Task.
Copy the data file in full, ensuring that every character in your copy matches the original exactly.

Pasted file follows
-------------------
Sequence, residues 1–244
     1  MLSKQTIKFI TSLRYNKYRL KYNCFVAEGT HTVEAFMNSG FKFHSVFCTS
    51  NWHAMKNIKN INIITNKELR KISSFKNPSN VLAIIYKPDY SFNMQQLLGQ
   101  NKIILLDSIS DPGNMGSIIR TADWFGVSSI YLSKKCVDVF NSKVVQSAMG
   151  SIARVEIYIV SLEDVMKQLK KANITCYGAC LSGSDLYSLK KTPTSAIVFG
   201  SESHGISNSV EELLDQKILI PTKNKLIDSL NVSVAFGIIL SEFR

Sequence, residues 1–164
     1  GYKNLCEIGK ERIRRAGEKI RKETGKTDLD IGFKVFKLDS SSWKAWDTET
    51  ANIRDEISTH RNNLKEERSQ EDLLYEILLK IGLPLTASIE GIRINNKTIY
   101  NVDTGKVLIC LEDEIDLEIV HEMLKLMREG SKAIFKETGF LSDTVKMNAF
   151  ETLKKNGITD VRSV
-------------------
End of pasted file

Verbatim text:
Sequence, residues 1–244
     1  MLSKQTIKFI TSLRYNKYRL KYNCFVAEGT HTVEAFMNSG FKFHSVFCTS
    51  NWHAMKNIKN INIITNKELR KISSFKNPSN VLAIIYKPDY SFNMQQLLGQ
   101  NKIILLDSIS DPGNMGSIIR TADWFGVSSI YLSKKCVDVF NSKVVQSAMG
   151  SIARVEIYIV SLEDVMKQLK KANITCYGAC LSGSDLYSLK KTPTSAIVFG
   201  SESHGISNSV EELLDQKILI PTKNKLIDSL NVSVAFGIIL SEFR

Sequence, residues 1–164
     1  GYKNLCEIGK ERIRRAGEKI RKETGKTDLD IGFKVFKLDS SSWKAWDTET
    51  ANIRDEISTH RNNLKEERSQ EDLLYEILLK IGLPLTASIE GIRINNKTIY
   101  NVDTGKVLIC LEDEIDLEIV HEMLKLMREG SKAIFKETGF LSDTVKMNAF
   151  ETLKKNGITD VRSV